Letter 80 is a rich storehouse of all the themes of the novel. The three most significant themes discussed are male and female relationships, African and black American relationships, and personal independence.
Concerning the second of these themes, you should be aware that Samuel and Nettie (now that Corrine is dead) are good missionaries, but they have no sense of place; they don't belong. They belong neither to the world of the European power structure nor to the traditional world of the black West African. They belong only to God and to one another. In the world of growing avarice and exploitation that is encroaching into the jungle, they are powerless. Samuel is disappointed that the Olinka never recognized them as blood brother and sister. In fact, the Olinka reject Samuel and Nettie, suspicious of their rejection of America's "progress" — motorcars, for example.
Had Samuel and Nettie not have gotten married, they both may have ended up feeling completely unappreciated. Samuel's character has the distinction of being the only accepting, loving, and giving husband in the entire novel.
The mention of "DuBoyce" in this letter is important. Nettie is actually discussing the great black American sociologist, philosopher, and civil rights leader, W. E. B. Du Bois, who was born in 1868 and died in 1963 in Ghana, West Africa. As a noted scholar, he tried to create an appreciation of black Americans, and he was instrumental in founding the National Association for the Advancement of Colored People (NAACP). He and Booker T. Washington, the founder of Tuskegee Institute in Tuskegee, Alabama, had a heated debate over the method by which blacks should advance. Washington stressed a practical economic freedom that would in time lead to a political and cultural freedom. Washington wanted blacks to get jobs as postal workers, carpenters, and repairmen. On the other hand, Du Bois wanted blacks to aspire to become professionals. His Harvard education made him fiercely defend the position that knowledge was the most important thing a man could acquire.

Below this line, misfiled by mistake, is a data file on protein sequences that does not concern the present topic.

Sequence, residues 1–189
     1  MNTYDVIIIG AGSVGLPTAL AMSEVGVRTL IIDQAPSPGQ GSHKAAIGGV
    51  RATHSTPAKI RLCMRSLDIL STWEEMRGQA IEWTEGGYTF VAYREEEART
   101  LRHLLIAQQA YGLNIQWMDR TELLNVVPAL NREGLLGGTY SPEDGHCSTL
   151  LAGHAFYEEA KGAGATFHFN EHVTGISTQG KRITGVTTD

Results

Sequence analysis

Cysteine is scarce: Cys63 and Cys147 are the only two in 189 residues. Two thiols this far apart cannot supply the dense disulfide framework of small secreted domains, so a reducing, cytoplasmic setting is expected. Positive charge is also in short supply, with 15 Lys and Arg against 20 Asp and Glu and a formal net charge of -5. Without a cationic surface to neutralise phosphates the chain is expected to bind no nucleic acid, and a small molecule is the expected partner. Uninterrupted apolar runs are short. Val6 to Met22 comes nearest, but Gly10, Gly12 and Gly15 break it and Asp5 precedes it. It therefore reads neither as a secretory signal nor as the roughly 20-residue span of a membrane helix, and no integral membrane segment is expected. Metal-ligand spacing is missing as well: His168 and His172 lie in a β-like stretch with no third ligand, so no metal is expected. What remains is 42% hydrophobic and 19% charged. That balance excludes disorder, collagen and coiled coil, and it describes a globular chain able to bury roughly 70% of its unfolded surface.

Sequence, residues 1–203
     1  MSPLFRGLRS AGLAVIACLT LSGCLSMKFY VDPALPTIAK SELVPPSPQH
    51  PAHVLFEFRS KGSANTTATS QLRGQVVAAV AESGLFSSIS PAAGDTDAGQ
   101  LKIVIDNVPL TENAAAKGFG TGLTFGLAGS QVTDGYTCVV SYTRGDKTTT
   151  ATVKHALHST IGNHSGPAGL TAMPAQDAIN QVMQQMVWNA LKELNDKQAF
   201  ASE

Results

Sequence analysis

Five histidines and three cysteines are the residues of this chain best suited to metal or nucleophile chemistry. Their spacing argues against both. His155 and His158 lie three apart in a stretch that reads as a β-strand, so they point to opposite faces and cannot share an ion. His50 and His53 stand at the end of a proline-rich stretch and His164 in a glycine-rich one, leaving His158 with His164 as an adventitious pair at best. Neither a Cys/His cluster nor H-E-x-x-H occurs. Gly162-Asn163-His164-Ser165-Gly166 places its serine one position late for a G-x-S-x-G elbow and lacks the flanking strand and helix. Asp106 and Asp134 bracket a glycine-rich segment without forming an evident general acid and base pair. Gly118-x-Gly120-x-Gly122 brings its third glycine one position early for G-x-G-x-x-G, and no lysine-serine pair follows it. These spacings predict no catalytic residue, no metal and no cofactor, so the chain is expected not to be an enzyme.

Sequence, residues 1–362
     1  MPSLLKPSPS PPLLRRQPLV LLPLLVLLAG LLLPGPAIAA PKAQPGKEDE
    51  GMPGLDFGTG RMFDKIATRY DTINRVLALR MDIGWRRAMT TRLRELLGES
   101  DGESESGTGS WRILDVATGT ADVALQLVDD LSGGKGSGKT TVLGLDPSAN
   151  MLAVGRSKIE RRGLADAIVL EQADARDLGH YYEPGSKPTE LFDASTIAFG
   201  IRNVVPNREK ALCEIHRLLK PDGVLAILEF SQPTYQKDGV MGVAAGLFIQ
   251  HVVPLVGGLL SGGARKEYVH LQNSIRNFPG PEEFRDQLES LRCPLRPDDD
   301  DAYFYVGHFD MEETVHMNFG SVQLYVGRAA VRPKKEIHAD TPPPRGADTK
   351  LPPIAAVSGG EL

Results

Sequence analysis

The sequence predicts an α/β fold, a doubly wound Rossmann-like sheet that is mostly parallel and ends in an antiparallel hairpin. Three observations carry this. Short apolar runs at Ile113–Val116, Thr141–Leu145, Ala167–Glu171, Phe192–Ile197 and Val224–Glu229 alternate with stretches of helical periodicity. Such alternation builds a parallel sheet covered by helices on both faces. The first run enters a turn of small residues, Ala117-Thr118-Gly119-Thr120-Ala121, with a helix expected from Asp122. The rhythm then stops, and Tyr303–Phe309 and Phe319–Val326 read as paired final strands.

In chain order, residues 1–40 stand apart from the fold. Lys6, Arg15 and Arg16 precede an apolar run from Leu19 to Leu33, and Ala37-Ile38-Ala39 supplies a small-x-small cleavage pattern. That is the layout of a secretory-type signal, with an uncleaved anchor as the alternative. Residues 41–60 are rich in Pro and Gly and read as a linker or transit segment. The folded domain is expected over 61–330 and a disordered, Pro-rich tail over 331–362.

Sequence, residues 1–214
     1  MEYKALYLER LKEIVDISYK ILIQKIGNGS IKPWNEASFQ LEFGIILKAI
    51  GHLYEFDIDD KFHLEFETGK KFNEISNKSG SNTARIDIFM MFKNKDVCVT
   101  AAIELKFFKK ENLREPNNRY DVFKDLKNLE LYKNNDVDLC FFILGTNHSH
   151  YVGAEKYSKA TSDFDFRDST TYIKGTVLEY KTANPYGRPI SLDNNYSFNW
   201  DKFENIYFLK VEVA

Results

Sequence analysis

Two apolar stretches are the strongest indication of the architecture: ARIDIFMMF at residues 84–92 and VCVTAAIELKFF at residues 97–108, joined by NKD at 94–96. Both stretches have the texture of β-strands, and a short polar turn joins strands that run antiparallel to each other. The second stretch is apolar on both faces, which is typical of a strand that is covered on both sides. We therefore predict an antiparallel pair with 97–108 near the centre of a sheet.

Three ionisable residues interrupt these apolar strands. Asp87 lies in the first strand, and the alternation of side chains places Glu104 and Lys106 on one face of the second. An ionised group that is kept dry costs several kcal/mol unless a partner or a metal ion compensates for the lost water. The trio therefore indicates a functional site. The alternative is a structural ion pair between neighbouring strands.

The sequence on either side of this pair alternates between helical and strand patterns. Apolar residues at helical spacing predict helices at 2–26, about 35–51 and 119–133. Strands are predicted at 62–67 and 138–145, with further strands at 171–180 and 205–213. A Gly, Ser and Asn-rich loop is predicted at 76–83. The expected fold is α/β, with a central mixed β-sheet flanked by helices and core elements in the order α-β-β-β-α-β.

Walker presents Du Bois accurately in The Color Purple because he certainly would have been appalled at Aunt Theodosia's ignorance. He was a very austere, serious, and self-righteous man.
Doris Baines is a clever woman who has made herself happy in Africa. Writing saved her life. It is interesting that she chooses to call Harold her "grandson" for he is no blood relation to her. Since he is the offspring of one of her "wives," then he should be her "son." But Doris Baines thinks of her two wives as her daughters. She is delighted with the fact that she was a mystery to both the natives and her readers. She uses a male pseudonym and has two "wives," it is true, but she is no freak; she is a lively and kind woman.
Turning to Adam's infatuation with Tashi, we should recall Harpo's initial infatuation with Sofia. Here, Nettie is acting very much in the same capacity that Celie once did with Harpo long ago. Like Harpo, Adam believes himself to be deeply in love with Tashi, who is just as independent as Sofia was.
And similarly, just as Sofia was beaten in prison, Tashi is beaten during her female rite of passage; afterward, Nettie describes Tashi as looking "listless, dull-eyed and tired." When we compare Nettie's description of Tashi with Celie's description of Sofia in Letter 37, it is difficult to tell which woman was more mutilated.
Nettie closes Letter 81 with a sentence that magnifies the radiance of her sisterhood with Celie: "But all things look brighter because I have a loving soul to share them with."